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A.–C. Ott–Benoist; Pathological aspects in cornea and conjunctiva in ocular surface disease found with the Heidelberg Retina Tomograph (HRT II) cornea module in vivo . Invest. Ophthalmol. Vis. Sci. 2004;45(13):153.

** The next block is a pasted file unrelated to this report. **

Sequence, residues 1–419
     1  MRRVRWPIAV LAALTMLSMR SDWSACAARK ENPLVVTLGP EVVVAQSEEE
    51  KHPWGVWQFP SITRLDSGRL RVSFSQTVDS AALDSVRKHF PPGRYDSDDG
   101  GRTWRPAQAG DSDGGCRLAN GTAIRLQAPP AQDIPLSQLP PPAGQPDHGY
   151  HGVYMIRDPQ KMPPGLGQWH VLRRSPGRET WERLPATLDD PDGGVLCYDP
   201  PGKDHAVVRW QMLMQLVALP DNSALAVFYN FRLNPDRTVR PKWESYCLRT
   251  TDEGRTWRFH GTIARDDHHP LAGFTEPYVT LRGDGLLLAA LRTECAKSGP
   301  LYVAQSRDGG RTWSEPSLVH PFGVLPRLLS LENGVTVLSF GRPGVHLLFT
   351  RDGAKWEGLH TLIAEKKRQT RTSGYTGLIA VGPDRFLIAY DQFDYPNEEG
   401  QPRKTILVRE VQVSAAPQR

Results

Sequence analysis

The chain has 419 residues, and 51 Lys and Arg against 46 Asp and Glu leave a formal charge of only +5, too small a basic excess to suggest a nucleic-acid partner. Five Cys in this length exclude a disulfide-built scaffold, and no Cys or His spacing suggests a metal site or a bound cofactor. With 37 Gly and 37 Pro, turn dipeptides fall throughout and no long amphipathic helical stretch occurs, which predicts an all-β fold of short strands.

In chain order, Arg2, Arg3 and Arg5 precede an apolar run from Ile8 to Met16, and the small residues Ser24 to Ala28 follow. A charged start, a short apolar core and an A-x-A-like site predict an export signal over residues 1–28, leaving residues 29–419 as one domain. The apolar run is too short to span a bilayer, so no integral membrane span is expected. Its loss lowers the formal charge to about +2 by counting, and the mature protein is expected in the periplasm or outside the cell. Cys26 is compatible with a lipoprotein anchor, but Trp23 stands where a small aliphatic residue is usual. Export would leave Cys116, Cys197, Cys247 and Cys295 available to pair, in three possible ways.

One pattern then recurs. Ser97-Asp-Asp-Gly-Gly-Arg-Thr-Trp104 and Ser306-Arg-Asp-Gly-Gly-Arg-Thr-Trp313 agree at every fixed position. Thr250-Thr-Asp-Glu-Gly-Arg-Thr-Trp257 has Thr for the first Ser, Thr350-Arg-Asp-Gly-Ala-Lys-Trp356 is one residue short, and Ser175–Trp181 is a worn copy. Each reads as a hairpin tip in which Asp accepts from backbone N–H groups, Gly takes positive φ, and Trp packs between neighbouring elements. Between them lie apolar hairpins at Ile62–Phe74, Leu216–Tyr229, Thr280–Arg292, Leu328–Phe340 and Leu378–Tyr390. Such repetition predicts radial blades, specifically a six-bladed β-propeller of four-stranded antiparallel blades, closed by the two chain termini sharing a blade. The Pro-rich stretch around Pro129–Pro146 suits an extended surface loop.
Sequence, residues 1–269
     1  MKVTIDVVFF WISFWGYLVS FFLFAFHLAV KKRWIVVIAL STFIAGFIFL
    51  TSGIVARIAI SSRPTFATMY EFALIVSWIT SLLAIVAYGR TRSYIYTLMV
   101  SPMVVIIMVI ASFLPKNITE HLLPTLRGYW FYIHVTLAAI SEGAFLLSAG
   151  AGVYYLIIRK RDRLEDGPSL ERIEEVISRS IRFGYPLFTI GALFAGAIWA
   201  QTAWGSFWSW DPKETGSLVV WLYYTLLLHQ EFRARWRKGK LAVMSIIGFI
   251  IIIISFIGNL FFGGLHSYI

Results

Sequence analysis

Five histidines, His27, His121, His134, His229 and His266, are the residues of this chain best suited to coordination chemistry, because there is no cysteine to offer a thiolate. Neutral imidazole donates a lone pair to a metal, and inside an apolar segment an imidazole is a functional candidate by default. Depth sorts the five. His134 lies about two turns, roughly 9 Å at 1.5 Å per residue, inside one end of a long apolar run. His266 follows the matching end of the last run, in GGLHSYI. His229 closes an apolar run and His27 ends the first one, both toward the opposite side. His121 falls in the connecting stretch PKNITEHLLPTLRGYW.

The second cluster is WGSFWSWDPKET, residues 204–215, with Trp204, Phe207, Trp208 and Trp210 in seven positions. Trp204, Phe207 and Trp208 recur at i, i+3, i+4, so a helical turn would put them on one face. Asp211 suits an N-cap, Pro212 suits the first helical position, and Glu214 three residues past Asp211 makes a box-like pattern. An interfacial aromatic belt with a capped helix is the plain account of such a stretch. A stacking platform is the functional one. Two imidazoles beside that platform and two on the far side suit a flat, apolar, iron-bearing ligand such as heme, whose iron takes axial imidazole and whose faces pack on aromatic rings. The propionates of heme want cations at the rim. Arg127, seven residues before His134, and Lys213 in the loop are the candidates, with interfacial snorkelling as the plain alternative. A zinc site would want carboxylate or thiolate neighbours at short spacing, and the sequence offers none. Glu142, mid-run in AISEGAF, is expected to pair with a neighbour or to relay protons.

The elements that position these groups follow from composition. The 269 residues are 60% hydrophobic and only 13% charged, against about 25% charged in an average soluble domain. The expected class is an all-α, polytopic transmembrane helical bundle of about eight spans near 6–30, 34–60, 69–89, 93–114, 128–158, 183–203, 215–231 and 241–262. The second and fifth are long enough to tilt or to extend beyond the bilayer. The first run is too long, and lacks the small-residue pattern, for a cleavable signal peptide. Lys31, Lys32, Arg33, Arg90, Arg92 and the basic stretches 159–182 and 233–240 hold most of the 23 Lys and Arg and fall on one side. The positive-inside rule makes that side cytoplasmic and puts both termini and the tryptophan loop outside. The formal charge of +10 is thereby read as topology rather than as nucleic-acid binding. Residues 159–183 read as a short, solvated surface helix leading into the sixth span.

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Purpose:Introduction: The Heidelberg Retina Tomograph (HRT II) can be transformed into a high–resolution digital laser scanning microscope for the exploration of the anterior segment of the eye using a lens adapter developed in Rostock, Germany. Corneal, conjunctival and scleral structures can be visualized in vivo with a magnification until 800x. Methods:We examined and explored eyes with chronic dry eye syndrome due to various pathologies such as Sjögren’s syndrome, blepharitis, allergies and the long–term use of preservative–containing eye drops. Pictures were taken from all corneal structures of the central and peripheral cornea as well as from the limbal and surrounding conjunctiva from patients with ocular surface disease and compared to those of healthy subjects. Results:We visualized inflammatory cells, notably dendritic cells, on corneal and conjunctival pictures in vivo. In some cases of ocular surface diseases we were able to identify goblet cells, especially in peripheral cornea and limbal areas. Conclusions:Whatever the initial causes of dry eye, it has been clearly demonstrated that keratoconjunctivitis sicca results in inflammatory reactions and induces alterations and cell damage of corneal and conjunctival epithelial cells. The cornea module of the HRT II allows very high quality imaging and visualization of corneal and conjunctival structures in vivo. The screening of inflammatory cells in vivo is now possible and could allow to replace more invasive examinations. The cornea module of the HRT II is a highly performing tool to explore in vivo not only all corneal structures as epithelium, endothelium and keratocytes but also the surrounding conjunctiva. All these parameters encourage the use of the cornea module to analyze and explore ocular surface diseases in a noninvasive way.
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